4. They predict outcomes that are related to your personality

As your personality shapes your perspective on life, it stands to reason that it should inform the decisions and impacts various areas of your life. One criticism leveled against MBTI was its failure to accurately predict many outcomes it purports to predict.

However, across an impressive body of studies, the Big Five personality traits have consistently demonstrated their power to predict various aspects of life such as life satisfaction, academic performance and job contentment, relationship satisfaction and likelihood of divorce, physical health-related behaviors and life expectancy. Furthermore, this correlation persists even when accounting for intelligence levels, socioeconomic status or other key variables.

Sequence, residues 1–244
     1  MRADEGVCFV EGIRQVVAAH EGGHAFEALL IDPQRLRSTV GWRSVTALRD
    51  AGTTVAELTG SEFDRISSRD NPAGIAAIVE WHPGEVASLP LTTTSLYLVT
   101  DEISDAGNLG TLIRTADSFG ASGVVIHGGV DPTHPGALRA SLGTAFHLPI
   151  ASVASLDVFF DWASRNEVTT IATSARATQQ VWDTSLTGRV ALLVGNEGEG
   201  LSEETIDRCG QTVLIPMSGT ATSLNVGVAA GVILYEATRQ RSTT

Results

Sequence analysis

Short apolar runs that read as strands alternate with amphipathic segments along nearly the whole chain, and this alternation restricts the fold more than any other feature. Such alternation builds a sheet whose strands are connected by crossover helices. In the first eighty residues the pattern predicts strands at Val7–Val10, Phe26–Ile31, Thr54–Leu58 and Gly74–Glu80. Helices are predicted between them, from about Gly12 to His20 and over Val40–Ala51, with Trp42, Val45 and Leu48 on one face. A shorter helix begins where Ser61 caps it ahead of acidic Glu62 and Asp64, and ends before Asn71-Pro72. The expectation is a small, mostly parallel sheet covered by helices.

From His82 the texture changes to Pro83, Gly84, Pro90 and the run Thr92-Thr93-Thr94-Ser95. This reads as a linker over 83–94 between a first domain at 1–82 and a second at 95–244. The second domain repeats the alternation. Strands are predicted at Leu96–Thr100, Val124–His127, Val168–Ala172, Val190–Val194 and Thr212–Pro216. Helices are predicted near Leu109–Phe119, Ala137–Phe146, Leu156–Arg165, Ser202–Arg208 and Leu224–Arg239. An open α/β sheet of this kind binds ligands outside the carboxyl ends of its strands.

5. It’s Not All About the Money

A frequent critique of systems like the MBTI, Enneagram, DISC, and other commercially offered assessments is their potential high cost. The Enneagram offers a relatively affordable option at about  $10 but for an individual to take the MBTI online via their website, they need to spend around $50 or even more in some cases. In contrast, while pay-to-access Big Five tests like the NEO inventories exist, most are freely accessible on the internet for anyone, whether they are researchers or the general public. Many personality psychologists advocate for openness and transparency in their research, which extends to providing assessment tools to the public without cost.

Christopher Stern

Christopher Stern is a Washington-based reporter. Chris spent many years covering tech policy as a business reporter for renowned publications. He has extensive experience covering Congress, the Federal Communications Commission, and the Federal Trade Commissions. He is a graduate of Middlebury College. Email:[email protected]